The William Trevor Reader: “A School Story”

November 2, 2021 | 5 3 min read

Six stories in, and “A School Story” is our first encounter with a first-person narrator; if memory serves, the remainder of the collection maintains something like this ratio, and we get about five third-persons for every one first-person. Most writers, I think it’s fair to say, are partial to either third or first person, and with short story writers, this proclivity becomes more obvious due to volume. Carver, Vaughn, Shepard, Barthelme, Berlin—to pick names wildly out of my brain hat—are mostly first-person specialists; Chekhov, Cheever, O’Connor, Malamud, and our man William Trevor are mostly third-person writers. Some writers like James Salter are almost homophilic in their POV devotion—as far as I know, Salter wrote one story in first, and it is his worst. Some freaks like Alice Munro—always enragingly brilliant and sui generis—are great at both. (A glance at the above lists, by the way, would suggest that third-person is an older tradition, less favored in contemporary writers, something I believe to be true and unfortunate and have written about in various places before, for instance here.)

I’ve always found it interesting that writers so often fall into the first or third camp, and I’ve always wondered why that tends to be the case. Given the modern tendency toward first-person writing, given the way we write in first all day on social media, it feels somewhat unsurprising that many/most people favor it. As someone who is better at and prefers third, I’m hard pressed to explain why. Perhaps formative books I read in childhood, like those of Roald Dahl? Maybe, but it feels like something more elemental about natural narrative position. The thing that feels natural to me in storytelling—that is, telling the story of what happened to other people—feels artificial to many writers; the storytelling position that seems to feel natural to most writers today—talking about what happened to them, or “them”—feels artificial to me. This seems, on some level, wonderfully inexplicable, like loving or hating cilantro.

Trevor’s most special writing gift lies in his ability to write from a character’s—sometimes multiple characters’—perspective in placid and seamless free-indirect style. Unlike Salter, his forays into first are not disastrous or embarrassing, just a bit less distinct, less Trevor-y, than his third-person stories. His calm, pellucid style—such an advantage in blending character and narrative perspective, and thereby obscuring or deferring moments of understanding from character and reader—is less advantageous in first, which often profits from a bit more: more voice, more noise and bluster. It’s a little like watching a professional athlete competing for charity in a different sport—yes, Steph Curry is a very good golfer by normal standards, but you’d still rather watch him shoot threes than hit chip shots from the rough.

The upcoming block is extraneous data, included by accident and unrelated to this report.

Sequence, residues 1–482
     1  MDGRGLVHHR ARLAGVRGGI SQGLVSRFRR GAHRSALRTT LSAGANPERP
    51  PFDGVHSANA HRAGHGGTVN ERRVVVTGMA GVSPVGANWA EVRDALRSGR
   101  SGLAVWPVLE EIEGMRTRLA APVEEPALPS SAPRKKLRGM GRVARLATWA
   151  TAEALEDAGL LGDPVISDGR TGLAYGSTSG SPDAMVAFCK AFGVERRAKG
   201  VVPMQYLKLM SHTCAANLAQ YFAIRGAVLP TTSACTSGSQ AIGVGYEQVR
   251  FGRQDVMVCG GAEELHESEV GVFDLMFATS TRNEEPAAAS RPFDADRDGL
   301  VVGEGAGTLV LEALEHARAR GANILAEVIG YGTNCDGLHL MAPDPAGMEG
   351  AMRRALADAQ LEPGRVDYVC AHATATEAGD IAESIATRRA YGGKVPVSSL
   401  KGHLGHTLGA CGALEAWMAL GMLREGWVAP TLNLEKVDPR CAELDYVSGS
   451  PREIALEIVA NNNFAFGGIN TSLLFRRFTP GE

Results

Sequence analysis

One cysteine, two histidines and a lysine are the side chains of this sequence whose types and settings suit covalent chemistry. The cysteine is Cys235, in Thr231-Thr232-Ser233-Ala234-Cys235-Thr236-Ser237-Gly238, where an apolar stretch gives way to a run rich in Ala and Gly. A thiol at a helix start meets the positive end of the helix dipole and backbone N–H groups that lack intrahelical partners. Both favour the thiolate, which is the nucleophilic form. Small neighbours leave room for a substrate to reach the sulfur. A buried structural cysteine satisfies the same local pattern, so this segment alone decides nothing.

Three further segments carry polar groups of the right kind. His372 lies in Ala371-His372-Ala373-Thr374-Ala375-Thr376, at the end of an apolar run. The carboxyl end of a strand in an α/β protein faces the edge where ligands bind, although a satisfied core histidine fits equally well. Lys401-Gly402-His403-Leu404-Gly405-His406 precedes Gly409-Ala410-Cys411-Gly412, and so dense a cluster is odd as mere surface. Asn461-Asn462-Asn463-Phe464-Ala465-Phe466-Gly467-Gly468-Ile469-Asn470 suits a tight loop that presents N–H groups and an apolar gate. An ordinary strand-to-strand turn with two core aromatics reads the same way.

That said, first person is, in fact, probably the right POV for telling “A School Story,” a story about storytelling and the dangers of telling stories. Our nameless narrator recounts his time at a boy’s school earlier in the century, and the boys’ habits at lights out of telling stories. The dorm’s perennial favorite storyteller, a boy named Markham, believes his father murdered his mother, and says that he, Markham, will murder his father and stepmother. Our narrator becomes friends with Markham and an unsavory boy named Williams, and in due time Markham’s father and stepmother are killed in Kenya. The narrator inadvertently leads Markham to falsely confess to the killing, at the behest of Williams, who exeunts in dark triumph with the remarkable catchphrase “I’m an unhealthy personage.”

This is one of those stories in which the narrator acts as a camera, a means of transmitting information to the reader about the other characters. It works as a comment on storytelling and also because third would give away too much information about the principle characters. Markham and Williams are both more or less opaque, all of their motivations and actions are offscreen. It is unsettling for this reason, for both reader and narrator, who tells this story many years later, still wondering about Williams and if he’d become “the man he said he would one day be.”

As a bit of pointless critique (imagine, if you will, William Trevor sitting stultified in my writing class as I provide my notes for this, his workshop submission): I find the narrator too muted here. We are provided no biographical material and really no character notes besides the fact that “I did not make friends easily.” The quietness of voice and absence of character context does a serviceable job of showcasing Markham’s self-destructive storytelling and Williams’s impenetrable villainy, but little else. It is not really clear, even in ambiguous terms, how this event has informed the narrator’s view of life, people, storytelling, himself. It therefore becomes something of a floating, adolescent mood piece, which feels like a missed opportunity given such intense material. A good effort, I write uselessly, at the bottom of William Trevor’s manuscript, looking forward to the revision.

Next time around: “The Penthouse Apartment.” Thanks for reading!

is a staff writer for The Millions and the author of two novels: The Grand Tour (Doubleday 2016) and The Hotel Neversink (2019 Tin House Books). His short fiction has appeared in The Paris Review, VICE, The Iowa Review, and many other places. His podcast, Fan’s Notes, is an ongoing discussion about books and basketball. Find him online at and on Twitter at @AdamOPrice.